Local Contexts, Strategies and Sinicization: A Case Study of the Sinicization Formulation in the Social Sciences of Taiwan (1970s–1980s)

  • Daiwie Fu
Part of the Boston Studies in the Philosophy of Science book series (BSPS, volume 141)


How do we understand the historical development of a scientific discipline in its changing social contexts? In particular, in a changing international and interdisciplinary environment, how are we to understand the strategies and adaptations of an evolving discipline? The usual Kuhnian approaches seem to focus more on the internal theoretical changes than on the symbolic or even ‘ideological’ changes of a discipline responding to its changing social contexts. The Foucaultian approaches, on the other hand, focus more on the discourse and strategy deployments aspects than on the ‘problematic’ ones of a discipline. From a different origin, the world-system/dependency approaches again lead us to consider the development and adaptations of a discipline along a third direction. Not doing injustice to any of these approaches, we usually only localize and restrict each approach into different aspects of ‘dimensions’ in some history of science, without, however, constructing strategic points where these three approaches can meet and interrelate with one another.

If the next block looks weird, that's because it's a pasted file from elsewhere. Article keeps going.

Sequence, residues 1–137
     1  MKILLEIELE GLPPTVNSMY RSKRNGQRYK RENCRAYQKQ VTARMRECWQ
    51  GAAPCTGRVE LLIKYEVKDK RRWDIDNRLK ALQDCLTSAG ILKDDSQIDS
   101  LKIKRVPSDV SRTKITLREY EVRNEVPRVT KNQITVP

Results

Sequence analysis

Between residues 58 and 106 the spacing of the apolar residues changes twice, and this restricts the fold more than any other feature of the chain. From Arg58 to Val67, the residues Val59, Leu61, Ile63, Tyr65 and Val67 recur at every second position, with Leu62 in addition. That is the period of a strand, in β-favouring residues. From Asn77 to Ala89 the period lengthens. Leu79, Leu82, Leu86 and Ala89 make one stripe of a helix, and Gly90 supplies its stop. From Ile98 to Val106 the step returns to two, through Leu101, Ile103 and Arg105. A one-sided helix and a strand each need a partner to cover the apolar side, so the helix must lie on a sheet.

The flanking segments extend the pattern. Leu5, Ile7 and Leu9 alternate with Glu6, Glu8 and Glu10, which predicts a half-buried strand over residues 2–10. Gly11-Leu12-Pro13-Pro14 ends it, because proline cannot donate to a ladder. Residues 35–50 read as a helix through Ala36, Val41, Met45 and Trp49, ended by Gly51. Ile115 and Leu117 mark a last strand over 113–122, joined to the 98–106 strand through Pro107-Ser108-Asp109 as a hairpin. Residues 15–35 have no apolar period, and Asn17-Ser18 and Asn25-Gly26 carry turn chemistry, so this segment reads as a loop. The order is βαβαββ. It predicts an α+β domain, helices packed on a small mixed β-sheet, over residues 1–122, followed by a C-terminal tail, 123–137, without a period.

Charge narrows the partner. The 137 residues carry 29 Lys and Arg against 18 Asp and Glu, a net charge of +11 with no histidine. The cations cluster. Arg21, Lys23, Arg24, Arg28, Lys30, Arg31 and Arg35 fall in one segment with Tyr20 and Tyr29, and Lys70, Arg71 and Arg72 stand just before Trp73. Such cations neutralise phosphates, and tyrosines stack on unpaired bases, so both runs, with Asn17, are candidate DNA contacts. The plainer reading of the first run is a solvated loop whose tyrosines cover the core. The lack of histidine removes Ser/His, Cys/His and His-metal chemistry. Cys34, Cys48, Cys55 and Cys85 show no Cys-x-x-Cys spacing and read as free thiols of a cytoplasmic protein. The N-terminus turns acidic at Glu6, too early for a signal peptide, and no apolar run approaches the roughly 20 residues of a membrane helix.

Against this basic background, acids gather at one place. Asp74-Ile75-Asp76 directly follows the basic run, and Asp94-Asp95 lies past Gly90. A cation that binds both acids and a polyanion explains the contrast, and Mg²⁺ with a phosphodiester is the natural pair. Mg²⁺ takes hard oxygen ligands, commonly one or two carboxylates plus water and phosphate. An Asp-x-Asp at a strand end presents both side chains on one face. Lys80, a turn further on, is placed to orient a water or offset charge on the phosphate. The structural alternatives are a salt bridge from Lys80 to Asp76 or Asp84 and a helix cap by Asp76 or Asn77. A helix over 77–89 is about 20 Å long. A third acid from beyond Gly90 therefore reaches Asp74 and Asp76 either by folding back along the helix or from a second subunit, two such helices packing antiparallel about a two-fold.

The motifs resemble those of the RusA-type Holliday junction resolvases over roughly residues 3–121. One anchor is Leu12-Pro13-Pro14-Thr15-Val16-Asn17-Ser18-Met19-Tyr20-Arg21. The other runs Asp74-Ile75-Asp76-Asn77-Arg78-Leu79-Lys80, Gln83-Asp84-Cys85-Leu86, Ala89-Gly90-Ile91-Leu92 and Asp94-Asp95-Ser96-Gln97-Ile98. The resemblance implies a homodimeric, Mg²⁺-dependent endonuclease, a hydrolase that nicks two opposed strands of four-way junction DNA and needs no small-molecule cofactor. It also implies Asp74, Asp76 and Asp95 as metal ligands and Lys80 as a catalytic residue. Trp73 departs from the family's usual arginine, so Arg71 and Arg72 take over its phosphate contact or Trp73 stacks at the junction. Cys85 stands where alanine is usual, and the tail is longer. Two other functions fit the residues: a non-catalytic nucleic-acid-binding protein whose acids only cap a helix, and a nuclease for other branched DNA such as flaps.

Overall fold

Local Context Sinicization Formulation World System Local Color Early Eighty 
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© Springer Science+Business Media New York 1993

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  • Daiwie Fu

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